Why I ignored E3


“Watching any E3 coverage?”

The question was inevitable. In this case, it was an IM from a co-worker, but anyone who knew my interest in video games would have asked the same rhetorical question. Of course I was. What game journalist doesn’t watch E3 coverage?

“I’m just sort of burnt out on E3,” I said, dodging the question. “Most of what happens there is just not relevant to me, because it tends to be dominated by AAA sequels.”

Immediately after writing this, I realized it wasn’t true. I’m excited by the continued expansion of independent gaming, and I suspect that the rise of Kickstarter will be this year’s signature event, but I’m not actually a gaming hipster. Dishonored is near the top of my wish list, and I still didn’t watch any coverage of it.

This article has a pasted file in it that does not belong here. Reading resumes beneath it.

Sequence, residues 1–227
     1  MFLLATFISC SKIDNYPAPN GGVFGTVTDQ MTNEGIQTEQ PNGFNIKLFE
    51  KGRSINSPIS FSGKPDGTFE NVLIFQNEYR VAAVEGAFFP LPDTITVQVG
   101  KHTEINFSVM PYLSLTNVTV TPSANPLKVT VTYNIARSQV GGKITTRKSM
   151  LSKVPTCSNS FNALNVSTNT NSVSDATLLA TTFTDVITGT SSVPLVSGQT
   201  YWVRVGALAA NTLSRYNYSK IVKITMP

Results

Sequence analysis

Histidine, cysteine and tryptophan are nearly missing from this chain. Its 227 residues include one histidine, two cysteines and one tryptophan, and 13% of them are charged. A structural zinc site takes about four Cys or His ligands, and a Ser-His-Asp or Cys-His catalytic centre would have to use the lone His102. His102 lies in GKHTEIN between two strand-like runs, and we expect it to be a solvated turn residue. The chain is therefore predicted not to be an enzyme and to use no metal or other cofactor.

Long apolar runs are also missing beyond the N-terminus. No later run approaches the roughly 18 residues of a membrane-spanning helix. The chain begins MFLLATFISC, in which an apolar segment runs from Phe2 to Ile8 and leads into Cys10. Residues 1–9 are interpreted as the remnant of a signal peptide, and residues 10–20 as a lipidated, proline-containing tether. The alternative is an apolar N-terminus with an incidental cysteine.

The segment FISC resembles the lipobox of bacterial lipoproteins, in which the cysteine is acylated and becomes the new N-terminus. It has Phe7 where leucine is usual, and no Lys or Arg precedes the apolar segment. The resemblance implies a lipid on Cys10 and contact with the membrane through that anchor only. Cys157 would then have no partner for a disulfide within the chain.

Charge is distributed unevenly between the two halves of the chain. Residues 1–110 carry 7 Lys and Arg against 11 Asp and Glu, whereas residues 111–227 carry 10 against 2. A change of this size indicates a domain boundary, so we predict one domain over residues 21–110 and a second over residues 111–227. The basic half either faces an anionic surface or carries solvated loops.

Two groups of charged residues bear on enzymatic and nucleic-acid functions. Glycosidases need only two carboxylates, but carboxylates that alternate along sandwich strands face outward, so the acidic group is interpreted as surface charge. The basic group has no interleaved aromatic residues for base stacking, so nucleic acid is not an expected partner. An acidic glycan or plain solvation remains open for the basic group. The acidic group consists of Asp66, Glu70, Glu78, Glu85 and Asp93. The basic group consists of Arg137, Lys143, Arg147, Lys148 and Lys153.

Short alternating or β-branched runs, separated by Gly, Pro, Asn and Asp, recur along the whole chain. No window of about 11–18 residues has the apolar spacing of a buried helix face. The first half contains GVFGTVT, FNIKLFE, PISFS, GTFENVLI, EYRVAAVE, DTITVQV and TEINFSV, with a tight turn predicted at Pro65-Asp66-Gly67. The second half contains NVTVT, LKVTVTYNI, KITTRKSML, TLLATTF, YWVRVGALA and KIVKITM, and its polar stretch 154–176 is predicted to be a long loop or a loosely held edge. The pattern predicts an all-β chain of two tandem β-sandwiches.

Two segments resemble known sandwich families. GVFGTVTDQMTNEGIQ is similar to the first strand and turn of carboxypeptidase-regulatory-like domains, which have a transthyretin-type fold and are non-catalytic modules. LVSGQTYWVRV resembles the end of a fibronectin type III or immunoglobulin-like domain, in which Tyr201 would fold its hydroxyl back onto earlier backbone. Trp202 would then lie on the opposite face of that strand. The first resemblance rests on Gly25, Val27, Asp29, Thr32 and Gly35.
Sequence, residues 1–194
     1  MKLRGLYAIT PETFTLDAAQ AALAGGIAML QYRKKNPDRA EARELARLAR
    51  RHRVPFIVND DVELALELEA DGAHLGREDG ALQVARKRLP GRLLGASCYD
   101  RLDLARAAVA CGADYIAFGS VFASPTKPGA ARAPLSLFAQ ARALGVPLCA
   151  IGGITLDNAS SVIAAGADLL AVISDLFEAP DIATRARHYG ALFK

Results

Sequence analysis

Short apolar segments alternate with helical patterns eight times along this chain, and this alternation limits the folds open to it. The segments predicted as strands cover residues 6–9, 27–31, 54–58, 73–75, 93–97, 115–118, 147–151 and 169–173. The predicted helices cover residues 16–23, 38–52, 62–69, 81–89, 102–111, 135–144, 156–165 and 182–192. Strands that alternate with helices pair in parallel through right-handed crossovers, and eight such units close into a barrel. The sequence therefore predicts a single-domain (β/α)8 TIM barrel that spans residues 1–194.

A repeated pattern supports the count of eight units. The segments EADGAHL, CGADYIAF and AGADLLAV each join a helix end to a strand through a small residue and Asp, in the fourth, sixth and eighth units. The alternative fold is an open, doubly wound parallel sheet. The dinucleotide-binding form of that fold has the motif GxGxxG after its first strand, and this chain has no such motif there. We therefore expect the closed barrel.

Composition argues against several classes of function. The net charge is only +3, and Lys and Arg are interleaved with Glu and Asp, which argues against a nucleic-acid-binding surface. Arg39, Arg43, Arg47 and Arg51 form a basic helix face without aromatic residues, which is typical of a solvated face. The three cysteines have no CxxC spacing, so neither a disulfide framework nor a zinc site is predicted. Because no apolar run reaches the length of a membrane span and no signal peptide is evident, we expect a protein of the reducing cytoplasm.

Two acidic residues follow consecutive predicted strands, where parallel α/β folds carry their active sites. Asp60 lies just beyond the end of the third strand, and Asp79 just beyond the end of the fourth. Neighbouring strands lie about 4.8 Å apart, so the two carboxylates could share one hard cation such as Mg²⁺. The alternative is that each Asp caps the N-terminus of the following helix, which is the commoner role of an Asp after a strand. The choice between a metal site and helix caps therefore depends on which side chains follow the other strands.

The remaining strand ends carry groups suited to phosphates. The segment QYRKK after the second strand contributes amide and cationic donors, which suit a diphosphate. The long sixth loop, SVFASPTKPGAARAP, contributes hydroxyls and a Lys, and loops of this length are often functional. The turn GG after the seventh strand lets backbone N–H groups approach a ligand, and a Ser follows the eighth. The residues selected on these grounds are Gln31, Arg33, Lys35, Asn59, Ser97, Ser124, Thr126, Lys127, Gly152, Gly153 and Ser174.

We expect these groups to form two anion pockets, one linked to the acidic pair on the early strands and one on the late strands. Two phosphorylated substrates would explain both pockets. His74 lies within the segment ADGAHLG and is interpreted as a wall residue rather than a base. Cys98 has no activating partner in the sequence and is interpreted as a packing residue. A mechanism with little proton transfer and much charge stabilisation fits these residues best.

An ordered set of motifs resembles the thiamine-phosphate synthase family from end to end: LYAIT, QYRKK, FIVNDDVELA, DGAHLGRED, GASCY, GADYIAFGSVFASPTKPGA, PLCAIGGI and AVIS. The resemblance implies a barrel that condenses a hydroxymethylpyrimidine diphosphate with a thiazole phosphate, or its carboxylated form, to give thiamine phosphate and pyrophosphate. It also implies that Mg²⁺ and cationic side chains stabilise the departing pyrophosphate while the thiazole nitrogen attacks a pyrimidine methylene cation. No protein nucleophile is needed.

I tried again. “I guess I’m just focused on working through my gaming backlog.”

Technically accurate, but still not it. Sure, I have a huge backlog, but in the age of endless indie bundles and massive Steam sales, who doesn’t?

No, when I was being completely honest with myself, the answer was much simpler: I didn’t want to know. In my ideal world, I wouldn’t know the details of a video game until I was actually playing it. I desperately wanted to recapture the joy of discovery — something that is increasingly difficult to experience in an age when social networks and game journalism conspire to let us know the plot and systems of every game before we even touch it.

There’s This Thing Called Television
I’ve always been wary of “spoilers,” but that traditionally just meant avoiding details of a story’s plot twist or big reveal. Given that most games either have threadbare plots that are basically irrelevant to the experience of play, or generic stories that telegraph their turns so far in advance that the “surprises” are anything but, I usually didn’t have to worry too much about this. It wasn’t until a recent revelation that I realized the value in avoiding all information on a game, including not just its story but its setting, systems, and challenges.